Yesterday Martin Hohmann, a member of the CDU, was expelled from the party for remarks he made in a speech on October 3rd, which are seen as anti-Semitic. I don’t intend to discuss the speech itself, which I have skimmed. Its main point was that Germans ought not permanently to be seen as beyond the pale, and that other nations could get away with things Germans couldn’t. The comparison that most struck me was a reference to the way Napoleon is remembered in France, with an implied comparison to Hitler – but surely Napoleon’s legacy and Hitler’s were somewhat different?
Anyway, Hohmann said the Jews could just as much be considered a Tätervolk (race of perpetrators) as the Germans. I wondered if there were varying translations – the word Täter can be a problem, but perpetrator seemed the right choice. The Independent had race of perpetrators. The BBC didn’t mention the term. The Guardian had nation of perpetrators. The New York Times wrote:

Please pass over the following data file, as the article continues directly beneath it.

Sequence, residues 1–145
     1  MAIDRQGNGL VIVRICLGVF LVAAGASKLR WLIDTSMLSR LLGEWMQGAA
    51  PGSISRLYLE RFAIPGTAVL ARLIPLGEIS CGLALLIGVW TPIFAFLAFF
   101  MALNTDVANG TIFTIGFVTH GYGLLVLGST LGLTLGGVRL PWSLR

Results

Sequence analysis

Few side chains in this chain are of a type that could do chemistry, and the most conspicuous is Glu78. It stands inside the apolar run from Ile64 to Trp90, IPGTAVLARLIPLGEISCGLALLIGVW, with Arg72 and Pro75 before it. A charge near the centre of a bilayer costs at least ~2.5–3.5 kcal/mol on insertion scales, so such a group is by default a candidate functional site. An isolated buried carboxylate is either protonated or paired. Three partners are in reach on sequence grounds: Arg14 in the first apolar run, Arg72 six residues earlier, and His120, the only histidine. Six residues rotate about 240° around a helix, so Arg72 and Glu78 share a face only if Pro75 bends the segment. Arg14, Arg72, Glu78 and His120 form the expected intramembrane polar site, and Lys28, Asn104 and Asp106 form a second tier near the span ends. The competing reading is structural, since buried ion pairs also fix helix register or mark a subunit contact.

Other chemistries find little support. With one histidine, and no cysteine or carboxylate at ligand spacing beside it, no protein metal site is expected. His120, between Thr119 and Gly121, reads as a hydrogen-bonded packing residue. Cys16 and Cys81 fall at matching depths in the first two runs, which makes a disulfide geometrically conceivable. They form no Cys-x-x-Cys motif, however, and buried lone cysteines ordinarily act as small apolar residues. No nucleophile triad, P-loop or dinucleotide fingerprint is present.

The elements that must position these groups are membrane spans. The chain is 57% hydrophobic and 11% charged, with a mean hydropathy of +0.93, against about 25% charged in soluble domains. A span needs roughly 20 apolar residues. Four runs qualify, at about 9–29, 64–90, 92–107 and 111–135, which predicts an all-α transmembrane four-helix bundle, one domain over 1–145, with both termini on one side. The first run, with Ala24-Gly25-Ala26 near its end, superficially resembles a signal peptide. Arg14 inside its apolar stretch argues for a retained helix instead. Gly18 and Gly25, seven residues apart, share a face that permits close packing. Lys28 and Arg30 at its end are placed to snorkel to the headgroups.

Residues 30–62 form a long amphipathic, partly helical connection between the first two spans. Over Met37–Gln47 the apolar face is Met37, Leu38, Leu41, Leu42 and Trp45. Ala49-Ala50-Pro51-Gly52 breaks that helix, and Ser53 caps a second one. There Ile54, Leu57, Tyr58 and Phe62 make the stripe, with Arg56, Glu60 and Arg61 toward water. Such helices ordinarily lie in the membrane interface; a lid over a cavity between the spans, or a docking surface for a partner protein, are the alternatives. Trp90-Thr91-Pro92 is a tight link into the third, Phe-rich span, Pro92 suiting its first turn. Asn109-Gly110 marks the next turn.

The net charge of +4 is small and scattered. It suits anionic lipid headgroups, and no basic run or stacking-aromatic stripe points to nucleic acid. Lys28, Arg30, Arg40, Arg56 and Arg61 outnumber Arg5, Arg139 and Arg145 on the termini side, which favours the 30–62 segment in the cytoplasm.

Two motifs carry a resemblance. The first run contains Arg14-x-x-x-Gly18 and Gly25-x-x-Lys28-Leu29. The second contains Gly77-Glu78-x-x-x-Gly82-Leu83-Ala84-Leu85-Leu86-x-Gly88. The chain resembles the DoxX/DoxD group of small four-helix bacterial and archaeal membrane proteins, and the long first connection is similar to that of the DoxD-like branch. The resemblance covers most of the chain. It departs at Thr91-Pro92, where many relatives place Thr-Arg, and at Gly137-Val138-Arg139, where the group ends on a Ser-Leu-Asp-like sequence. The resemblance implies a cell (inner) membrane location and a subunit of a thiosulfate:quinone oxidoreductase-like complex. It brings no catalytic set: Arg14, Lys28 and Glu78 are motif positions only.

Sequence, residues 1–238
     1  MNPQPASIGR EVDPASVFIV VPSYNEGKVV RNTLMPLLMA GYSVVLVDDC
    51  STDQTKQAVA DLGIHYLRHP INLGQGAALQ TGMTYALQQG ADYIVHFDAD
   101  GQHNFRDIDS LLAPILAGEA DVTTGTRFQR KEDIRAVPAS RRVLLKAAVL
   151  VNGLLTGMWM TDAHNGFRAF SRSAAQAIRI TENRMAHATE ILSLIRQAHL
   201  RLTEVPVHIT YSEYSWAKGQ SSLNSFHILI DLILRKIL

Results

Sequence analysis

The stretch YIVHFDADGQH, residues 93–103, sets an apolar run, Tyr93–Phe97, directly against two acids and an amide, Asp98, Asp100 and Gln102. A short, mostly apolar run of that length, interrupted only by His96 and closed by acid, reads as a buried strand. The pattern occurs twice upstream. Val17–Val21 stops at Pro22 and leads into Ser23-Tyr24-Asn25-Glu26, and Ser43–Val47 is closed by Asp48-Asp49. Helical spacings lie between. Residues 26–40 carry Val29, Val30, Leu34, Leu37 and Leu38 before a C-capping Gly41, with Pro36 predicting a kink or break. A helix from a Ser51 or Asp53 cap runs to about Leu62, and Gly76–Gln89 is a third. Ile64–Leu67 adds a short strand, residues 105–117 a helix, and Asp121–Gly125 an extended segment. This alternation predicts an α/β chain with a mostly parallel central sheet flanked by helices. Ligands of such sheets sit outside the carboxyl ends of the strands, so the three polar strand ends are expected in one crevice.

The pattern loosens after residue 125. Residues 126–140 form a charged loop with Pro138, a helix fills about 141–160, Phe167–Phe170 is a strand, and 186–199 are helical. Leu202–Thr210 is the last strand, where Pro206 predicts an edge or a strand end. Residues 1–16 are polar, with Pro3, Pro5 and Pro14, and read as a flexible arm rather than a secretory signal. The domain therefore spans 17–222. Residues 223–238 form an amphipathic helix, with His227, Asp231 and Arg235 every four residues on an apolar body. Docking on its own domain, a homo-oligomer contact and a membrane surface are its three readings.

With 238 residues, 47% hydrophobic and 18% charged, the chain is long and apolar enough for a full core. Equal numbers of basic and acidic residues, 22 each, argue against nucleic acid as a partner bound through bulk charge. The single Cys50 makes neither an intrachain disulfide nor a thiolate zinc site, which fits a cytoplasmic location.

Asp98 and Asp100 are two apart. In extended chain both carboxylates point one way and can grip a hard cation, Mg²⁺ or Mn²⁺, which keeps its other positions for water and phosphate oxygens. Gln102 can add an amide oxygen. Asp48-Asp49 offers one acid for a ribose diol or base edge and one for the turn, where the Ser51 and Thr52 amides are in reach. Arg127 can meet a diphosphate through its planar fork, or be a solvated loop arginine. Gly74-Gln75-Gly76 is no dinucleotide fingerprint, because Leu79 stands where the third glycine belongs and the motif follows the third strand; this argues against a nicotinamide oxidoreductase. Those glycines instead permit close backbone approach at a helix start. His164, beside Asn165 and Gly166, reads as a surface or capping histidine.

bq. As an example of those other people, Mr. Hohmann singled out the Jews, whom he called Tätervolk, a German term that has been widely translated as “race of perpetrators” but is probably more accurately translated as “nation of perpetrators.”
It also called Hohmann a legislator, which was a new term to me in this context.
I found nothing in the Telegraph online, but there was an article about the poor quality of German pop music:
bq. So dire has the situation become that some German chart toppers pretend they are foreigners. The red-haired Kelly Family pretend to be Irish, while the singer Sascha hints that he is Canadian….
Predictably, American and British acts are hogging the current top ten, while only three are German. But who has heard of Alexander, Jeanette or Sarah Connor?